The cat’s whiskers…

 

Eyes
Do they look clear and bright? The pupils should be an equal size and the surface of the eye smooth and shiny. Visit the vet if you see any cloudiness, dullness, irregularities or discharge, excessive blinking or redness around the edges. Runny eyes may indicate a virus.
Whiskers
Cats’ whiskers (vibrissae) are highly sensitive sensors that help them navigate. Never pull or cut them.
Nose
Should be velvety smooth, with no discharge. Visit the vet if you notice runny eyes and nose, which may indicate a virus or other condition affecting the upper respiratory tract.
Indications of a chest
problem include panting, gasping, breathing quickly, coughing or a noise when breathing in or out.
Mouth, teeth and breath
Teeth should be bright to off-white, gums a healthy pink colour, breath not offensive. Get to the vet for redness, bleeding and tartar on the teeth. Red or swollen gums and redness at the corners of the mouth, particularly when associated with bad breath, are an indication of oral disease. This can be very painful and cats may also suffer a reduction
in appetite or weight loss, eat on only one side of their mouth or drop food while eating.
Feet & claws
Pads should be soft and free from injury. Claws should retract fully and taper evenly from the base to a sharp tip. Visit the vet if you notice ‘thick’ claws (with no taper) or nails with discharge. Frayed claws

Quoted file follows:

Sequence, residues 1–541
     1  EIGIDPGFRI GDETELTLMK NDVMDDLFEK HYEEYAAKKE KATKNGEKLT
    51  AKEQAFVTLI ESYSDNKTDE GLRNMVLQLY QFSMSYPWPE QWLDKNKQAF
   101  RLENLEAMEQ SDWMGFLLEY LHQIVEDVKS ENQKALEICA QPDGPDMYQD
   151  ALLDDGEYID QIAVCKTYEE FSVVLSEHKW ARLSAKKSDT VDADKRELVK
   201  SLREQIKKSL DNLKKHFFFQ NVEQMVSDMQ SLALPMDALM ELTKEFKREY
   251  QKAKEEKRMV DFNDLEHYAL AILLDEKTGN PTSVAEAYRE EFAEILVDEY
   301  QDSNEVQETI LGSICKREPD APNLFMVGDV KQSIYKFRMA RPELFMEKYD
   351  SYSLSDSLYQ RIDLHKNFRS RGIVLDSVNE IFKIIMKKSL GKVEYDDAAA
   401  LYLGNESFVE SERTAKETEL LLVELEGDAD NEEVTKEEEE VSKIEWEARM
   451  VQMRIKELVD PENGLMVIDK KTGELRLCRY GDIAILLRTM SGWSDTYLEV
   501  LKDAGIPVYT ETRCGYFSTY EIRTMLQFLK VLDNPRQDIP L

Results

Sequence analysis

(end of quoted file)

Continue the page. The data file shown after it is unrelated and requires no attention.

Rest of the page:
May indicate that a cat has been involved in a traffic accident.
Ears
Ear canals should be clean. Visit the vet if you notice any scabs or narrowing of the canal, brownish discharge or redness in the ears.
Joints
Visit the vet if your cat is slow to get up or lie down, limping or reluctant to jump on higher pieces of furniture or fences, or has difficulty using stairs.
Tail
Should be fully mobile.
The business end! Cats produce small amounts of highly concentrated urine on an infrequent basis. Increased urination volume may indicate conditions such as kidney disease or diabetes, while increased frequency or the presence of blood could suggest an infection or inflammatory condition. Faeces should be well formed so seek advice if your cat has persistent diarrhoea or if faeces are black or contain fresh blood or mucus. You should also seek veterinary advice if you cat seems to be having difficulty passing motions or finds it painful.
Skin and coat
In general it should be even, smooth and shiny with no bald patches or sore areas. Skin condition is a good general indicator of health. It shouldn’t be flaky, dry or inflamed. Visit the vet if your cat is scratching scabs on its skin. Pulling out fur may also indicate skin disease.